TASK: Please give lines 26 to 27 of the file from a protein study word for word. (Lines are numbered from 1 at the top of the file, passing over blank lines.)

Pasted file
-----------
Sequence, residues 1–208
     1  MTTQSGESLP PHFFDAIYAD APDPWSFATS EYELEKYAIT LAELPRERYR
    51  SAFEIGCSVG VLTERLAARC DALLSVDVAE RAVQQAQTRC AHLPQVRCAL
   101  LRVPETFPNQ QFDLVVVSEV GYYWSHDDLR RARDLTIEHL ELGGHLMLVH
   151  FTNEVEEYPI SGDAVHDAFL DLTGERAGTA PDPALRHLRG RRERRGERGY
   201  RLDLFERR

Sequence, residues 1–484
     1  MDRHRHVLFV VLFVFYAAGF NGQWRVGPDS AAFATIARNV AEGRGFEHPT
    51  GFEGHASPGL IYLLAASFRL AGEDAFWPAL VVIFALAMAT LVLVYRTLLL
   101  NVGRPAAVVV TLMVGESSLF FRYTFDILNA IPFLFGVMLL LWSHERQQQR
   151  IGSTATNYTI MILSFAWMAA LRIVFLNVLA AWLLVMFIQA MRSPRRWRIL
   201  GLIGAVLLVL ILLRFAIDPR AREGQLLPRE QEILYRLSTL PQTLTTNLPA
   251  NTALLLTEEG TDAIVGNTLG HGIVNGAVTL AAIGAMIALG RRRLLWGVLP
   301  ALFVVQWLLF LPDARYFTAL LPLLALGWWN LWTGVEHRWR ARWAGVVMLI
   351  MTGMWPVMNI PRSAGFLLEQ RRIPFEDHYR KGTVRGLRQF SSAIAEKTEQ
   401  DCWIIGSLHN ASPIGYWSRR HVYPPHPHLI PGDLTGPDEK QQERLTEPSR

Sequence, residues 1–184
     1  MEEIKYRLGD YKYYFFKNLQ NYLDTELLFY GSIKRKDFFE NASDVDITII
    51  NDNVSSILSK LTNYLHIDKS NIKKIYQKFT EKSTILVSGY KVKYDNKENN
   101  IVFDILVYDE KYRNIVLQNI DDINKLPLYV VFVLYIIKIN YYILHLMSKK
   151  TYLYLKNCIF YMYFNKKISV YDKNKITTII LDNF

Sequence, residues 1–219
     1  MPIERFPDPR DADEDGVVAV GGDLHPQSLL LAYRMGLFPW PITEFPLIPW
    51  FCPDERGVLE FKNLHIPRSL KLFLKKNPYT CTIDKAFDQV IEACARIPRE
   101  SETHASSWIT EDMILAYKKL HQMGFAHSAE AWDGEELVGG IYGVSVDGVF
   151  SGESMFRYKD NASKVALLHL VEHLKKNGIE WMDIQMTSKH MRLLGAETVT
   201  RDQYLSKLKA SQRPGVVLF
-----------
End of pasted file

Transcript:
   151  SGESMFRYKD NASKVALLHL VEHLKKNGIE WMDIQMTSKH MRLLGAETVT
   201  RDQYLSKLKA SQRPGVVLF